Write change: Given two strings, change copies lines from the standard input to the standard output replacing all occurrences of the first string by the second. change is invoked by the command
change from toand prints the lines in the standard input changing all occurrences of the string from to the string to. The strings from and to do not have to be the same length. For example, if the file foo contains
Now is the time for all good men to come the aid of their country.the command
change the first <fooprints
Now is first time for all good men to come first aid of firstir country.The to string is optional; if it is omitted, the effect is to delete occurrences of the from string. Thus, the command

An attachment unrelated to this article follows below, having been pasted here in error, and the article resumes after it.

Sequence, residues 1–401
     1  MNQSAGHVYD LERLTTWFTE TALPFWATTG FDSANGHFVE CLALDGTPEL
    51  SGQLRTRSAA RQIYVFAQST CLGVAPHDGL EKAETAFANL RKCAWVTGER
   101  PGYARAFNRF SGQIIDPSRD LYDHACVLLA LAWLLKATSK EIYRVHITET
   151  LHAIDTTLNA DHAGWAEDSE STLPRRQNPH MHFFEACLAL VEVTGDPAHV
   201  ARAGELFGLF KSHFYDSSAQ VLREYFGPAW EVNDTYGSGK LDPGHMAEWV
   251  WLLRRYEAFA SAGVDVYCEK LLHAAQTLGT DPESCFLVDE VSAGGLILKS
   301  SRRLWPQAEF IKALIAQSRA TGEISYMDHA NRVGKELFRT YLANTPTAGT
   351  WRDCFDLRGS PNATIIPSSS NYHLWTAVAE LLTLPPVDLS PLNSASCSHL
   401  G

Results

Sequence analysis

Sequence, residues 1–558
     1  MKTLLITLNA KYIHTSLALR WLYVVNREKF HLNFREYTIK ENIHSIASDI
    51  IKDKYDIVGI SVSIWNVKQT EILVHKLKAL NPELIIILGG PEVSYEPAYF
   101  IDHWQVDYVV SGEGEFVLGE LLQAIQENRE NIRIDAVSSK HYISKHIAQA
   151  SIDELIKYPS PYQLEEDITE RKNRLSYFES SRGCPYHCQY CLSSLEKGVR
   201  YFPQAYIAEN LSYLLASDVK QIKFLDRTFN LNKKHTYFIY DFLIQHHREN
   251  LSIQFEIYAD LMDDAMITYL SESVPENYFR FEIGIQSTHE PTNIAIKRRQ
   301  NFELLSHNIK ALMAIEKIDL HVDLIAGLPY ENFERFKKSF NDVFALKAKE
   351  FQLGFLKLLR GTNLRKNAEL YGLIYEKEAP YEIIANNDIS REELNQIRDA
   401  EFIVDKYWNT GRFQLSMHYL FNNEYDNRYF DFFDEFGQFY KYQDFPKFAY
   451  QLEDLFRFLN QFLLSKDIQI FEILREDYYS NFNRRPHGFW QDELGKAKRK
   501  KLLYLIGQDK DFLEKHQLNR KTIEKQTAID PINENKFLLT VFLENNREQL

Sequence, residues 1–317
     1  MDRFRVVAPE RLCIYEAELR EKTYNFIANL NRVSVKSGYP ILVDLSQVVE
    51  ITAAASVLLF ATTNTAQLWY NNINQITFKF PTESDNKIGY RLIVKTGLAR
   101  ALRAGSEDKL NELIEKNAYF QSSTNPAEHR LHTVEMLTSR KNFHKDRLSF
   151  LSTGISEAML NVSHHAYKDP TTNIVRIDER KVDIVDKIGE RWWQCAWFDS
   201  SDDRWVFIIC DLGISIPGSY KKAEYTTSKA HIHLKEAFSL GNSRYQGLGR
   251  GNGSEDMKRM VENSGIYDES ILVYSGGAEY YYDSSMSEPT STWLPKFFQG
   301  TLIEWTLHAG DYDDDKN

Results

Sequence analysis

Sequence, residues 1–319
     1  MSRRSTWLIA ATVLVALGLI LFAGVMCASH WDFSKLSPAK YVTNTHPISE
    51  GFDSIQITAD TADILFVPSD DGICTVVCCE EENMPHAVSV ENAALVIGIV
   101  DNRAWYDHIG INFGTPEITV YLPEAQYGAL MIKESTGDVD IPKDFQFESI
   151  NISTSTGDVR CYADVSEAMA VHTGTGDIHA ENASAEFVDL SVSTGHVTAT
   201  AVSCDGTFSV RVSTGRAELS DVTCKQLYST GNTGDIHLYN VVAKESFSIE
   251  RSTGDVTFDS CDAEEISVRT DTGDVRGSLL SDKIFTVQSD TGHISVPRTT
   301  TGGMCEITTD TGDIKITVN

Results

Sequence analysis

change the <fooprints
Now_is__time for_all_good_men to_come__aid_of_ir_country.where underscores denote spaces. Note the two spaces between is and time in the first line and between come and aid in the last line.
You may assume that most lines are no longer than 120 characters, but your program must behave `reasonably' with longer lines. Also, make sure your program does something reasonable with the `boundary' cases, e.g., a null from string (change "") or empty input. Briefly explain how you deal with these cases in your readme file.
An executable version of Dave Hanson's solution is available in /u/cs217/1/change. His implementation takes 29 lines and uses six different routines from the Standard C library.
/u/cs217/bin/submit 1 readme makefile change.cYou may use other computing facilities to develop your program, but the submitted version must compile with lcc and execute correctly on Arizona.
Due: submitted by 11:59pm, Mon. 2/8/1999.